Leaving El PalomarFebruary 17, 2014
Following the Night of the Tormentas, we ended up spending three more nights there, punctuated by sweltering days, humid nights, occasional storms, numerous power outages, and even losses of running water. We were hopeful that each day would be our last, and even got as far as turning in our linen one morning only to hear that there were continuing problems with getting our C-130 tested. Following that disappointment, we were issued new linens and were thrilled to see the plane takeoff and make four circuits around the base.
We were then told to have our new linens checked in and have our bags ready for pickup at 8:00 a.m. the next morning. We had our usual beers at La Fortunata that afternoon, followed by our first and only off-base dinner at Zarco, an Italian place.
The next morning went off more or less as planned, and we took off at about 10:00 a.m. for Ushuaia, about five hours south of El Palomar. There we dropped off half our passengers who were bound for Argentine bases other than Marambio, while we took a few photos of the surrounding sunlit mountains and glaciers, huddling behind a wall to shield ourselves from a chilly 30 knot breeze, and waiting for our C-130 to be refueled.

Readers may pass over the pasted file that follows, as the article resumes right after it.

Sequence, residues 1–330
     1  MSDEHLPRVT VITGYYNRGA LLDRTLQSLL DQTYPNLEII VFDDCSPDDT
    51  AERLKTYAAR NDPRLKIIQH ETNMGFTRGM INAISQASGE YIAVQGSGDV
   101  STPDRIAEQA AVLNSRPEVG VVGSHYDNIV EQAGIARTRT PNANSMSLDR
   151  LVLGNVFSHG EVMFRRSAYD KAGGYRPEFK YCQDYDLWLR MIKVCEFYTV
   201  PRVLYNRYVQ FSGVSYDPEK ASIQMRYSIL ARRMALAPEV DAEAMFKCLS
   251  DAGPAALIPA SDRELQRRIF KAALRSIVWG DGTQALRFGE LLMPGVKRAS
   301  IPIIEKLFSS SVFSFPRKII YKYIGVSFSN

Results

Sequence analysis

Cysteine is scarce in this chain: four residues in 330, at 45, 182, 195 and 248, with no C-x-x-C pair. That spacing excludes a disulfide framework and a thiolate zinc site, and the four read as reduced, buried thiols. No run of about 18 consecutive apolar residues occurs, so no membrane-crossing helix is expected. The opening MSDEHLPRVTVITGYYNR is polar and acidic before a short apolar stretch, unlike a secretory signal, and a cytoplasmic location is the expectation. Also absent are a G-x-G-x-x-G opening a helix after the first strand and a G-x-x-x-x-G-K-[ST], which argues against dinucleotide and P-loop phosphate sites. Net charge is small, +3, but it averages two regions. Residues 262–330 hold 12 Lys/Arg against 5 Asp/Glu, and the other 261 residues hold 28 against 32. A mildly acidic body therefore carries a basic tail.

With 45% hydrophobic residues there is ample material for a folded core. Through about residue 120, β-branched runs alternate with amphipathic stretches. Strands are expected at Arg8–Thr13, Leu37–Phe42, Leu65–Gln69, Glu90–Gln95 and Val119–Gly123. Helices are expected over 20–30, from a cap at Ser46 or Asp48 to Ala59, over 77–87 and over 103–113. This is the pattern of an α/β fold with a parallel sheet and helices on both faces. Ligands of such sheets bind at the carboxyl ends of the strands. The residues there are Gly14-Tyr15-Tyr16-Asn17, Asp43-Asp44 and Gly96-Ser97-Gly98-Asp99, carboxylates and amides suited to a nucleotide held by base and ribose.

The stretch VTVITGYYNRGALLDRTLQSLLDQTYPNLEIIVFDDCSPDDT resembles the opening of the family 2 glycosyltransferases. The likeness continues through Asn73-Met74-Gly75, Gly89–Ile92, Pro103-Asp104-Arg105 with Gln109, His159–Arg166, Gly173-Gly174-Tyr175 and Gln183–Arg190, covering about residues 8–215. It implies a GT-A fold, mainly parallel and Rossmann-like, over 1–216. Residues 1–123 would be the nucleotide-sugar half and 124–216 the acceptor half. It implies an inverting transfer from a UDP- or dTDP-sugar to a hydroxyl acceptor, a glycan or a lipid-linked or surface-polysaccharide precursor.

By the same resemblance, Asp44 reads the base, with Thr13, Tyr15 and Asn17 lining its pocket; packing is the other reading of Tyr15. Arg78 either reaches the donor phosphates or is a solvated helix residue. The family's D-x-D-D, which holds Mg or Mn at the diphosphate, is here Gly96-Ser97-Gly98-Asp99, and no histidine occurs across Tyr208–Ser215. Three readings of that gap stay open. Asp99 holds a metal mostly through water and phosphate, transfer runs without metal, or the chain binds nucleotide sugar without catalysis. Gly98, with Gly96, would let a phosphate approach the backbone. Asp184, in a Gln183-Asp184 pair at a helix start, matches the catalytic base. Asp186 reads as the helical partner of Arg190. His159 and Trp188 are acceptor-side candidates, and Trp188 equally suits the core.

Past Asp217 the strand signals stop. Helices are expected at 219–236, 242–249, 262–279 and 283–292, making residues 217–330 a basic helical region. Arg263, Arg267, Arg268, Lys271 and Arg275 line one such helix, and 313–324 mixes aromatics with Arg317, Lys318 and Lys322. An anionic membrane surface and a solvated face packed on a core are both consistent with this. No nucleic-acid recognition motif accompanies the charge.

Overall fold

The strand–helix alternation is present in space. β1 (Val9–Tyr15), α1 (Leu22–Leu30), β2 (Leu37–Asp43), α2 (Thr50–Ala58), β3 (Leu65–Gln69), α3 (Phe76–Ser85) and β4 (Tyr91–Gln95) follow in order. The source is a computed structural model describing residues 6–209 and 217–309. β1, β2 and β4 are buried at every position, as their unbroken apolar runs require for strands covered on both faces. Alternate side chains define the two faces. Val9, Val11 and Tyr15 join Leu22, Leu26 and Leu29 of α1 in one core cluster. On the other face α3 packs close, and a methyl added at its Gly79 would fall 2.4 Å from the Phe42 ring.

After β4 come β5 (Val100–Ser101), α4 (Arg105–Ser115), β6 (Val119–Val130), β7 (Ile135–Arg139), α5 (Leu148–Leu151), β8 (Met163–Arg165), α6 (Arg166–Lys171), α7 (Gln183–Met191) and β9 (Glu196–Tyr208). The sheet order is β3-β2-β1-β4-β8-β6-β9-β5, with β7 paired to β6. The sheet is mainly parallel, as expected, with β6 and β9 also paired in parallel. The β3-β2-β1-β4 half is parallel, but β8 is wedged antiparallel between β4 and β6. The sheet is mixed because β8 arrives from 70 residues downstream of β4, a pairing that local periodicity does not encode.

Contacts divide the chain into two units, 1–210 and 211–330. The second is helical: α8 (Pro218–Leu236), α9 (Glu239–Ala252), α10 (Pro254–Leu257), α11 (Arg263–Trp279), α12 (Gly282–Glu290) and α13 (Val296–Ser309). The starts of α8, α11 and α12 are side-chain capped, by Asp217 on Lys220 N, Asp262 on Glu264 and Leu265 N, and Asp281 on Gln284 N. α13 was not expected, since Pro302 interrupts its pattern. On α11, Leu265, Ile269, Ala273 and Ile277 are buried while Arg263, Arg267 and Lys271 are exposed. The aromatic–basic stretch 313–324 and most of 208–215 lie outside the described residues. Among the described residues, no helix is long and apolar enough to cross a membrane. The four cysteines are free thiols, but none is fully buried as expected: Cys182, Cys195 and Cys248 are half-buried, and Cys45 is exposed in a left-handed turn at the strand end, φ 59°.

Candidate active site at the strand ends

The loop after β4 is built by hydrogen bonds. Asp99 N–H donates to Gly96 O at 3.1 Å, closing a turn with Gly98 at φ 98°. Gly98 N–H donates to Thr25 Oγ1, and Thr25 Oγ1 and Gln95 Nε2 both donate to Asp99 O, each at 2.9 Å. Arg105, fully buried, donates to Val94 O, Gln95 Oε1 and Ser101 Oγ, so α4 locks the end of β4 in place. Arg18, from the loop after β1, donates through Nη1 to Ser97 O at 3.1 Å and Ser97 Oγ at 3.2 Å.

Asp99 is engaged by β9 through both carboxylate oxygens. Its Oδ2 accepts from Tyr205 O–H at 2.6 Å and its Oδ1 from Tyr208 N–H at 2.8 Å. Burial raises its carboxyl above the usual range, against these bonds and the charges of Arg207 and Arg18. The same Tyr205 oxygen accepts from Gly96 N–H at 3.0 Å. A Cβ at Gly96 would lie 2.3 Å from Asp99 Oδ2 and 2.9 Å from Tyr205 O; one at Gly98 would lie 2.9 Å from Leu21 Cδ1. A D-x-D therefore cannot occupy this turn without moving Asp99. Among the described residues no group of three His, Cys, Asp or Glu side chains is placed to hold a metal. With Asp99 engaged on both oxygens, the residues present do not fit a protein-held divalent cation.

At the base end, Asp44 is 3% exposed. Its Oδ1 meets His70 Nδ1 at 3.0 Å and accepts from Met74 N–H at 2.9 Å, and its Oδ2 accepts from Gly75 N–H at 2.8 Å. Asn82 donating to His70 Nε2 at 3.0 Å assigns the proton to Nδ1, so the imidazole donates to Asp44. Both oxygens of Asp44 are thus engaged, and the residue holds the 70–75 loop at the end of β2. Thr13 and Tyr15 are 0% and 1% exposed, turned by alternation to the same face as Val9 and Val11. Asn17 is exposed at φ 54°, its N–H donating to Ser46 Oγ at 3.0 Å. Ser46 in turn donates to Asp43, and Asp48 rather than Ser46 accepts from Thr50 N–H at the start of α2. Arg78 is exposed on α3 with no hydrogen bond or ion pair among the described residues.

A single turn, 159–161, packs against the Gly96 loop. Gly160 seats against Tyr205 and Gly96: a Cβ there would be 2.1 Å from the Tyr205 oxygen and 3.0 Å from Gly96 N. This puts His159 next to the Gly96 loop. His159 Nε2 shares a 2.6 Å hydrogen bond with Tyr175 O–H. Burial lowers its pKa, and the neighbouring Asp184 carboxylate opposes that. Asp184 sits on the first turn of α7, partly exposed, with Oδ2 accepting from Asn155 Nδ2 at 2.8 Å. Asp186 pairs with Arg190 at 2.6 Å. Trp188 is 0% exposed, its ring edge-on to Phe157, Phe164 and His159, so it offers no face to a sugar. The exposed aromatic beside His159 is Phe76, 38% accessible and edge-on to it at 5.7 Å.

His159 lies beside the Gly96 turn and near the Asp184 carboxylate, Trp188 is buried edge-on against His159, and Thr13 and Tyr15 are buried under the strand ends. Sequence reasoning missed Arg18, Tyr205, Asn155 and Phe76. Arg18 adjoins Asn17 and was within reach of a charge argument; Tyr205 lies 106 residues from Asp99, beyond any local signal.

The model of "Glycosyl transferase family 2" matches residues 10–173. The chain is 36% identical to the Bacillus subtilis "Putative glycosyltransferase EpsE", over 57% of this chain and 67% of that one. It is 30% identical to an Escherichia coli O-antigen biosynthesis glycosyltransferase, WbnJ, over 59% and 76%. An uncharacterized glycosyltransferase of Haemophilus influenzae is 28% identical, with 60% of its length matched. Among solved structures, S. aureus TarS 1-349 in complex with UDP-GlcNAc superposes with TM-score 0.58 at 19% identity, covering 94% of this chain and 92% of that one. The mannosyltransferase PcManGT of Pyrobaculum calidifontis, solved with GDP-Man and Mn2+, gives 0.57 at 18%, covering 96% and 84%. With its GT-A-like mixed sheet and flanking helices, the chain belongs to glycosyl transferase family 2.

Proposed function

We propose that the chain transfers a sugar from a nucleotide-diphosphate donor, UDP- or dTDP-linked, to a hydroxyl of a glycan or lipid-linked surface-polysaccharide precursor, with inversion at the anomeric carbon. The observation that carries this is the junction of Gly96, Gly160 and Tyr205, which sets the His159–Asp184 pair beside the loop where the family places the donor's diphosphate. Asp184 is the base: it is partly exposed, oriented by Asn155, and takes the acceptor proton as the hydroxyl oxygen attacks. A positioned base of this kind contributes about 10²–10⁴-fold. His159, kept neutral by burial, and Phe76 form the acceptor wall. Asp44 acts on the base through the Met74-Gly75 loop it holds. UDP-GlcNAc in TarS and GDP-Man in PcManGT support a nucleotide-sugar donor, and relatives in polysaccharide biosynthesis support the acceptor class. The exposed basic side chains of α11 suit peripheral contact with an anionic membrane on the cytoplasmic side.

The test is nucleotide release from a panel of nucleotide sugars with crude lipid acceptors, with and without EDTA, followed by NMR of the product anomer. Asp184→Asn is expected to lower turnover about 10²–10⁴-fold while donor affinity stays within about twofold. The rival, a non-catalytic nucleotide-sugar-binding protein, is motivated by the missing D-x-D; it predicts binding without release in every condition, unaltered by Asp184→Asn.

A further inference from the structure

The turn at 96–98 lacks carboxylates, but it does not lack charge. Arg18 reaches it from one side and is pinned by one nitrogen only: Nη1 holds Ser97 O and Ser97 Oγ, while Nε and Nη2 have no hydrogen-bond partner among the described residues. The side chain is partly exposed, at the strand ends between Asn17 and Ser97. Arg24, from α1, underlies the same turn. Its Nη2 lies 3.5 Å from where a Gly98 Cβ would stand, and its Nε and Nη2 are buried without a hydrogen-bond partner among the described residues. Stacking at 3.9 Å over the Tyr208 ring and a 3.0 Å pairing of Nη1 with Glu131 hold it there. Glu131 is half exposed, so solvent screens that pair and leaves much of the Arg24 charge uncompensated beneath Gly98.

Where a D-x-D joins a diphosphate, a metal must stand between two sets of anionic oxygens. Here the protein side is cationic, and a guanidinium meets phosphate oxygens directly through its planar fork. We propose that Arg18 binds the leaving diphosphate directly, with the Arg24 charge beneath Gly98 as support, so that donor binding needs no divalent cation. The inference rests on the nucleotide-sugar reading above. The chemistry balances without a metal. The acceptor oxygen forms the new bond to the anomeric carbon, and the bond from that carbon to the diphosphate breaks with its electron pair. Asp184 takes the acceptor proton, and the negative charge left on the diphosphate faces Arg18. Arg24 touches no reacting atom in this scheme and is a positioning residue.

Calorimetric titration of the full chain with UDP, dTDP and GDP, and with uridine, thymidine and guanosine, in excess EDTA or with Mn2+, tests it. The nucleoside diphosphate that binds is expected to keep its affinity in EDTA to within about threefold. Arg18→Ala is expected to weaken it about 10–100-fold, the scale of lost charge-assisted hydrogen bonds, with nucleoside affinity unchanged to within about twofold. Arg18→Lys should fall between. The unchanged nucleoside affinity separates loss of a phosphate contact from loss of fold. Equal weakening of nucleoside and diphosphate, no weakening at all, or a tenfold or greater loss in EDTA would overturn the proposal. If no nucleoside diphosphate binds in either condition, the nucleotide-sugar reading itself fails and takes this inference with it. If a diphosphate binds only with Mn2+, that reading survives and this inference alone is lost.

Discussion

Thirty minutes later we were again airborne, this time heading for rainy Rio Gallegos. IAA maintains a very nice barracks area there (Rio Gallegos is another Fuerza Aerea base). We were served two meals, pasta and beef at about 4:00 p.m., and polenta and beef at about 9:00 p.m. Some of us read books, while the others watched “Battleship,” a US Navy recruiting film in English with Spanish subtitles disguised as a science fiction thriller. Spoiler alert: the Earthlings win.
The next morning we awoke to a cloud-free sky above a landscape reminiscent of eastern Colorado. We watched from the passenger terminal as our cargo was reloaded, and then stepped aboard the C-130 for the final leg of our now 14-day journey south. After an uneventful four hour flight, we touched down in Marambio.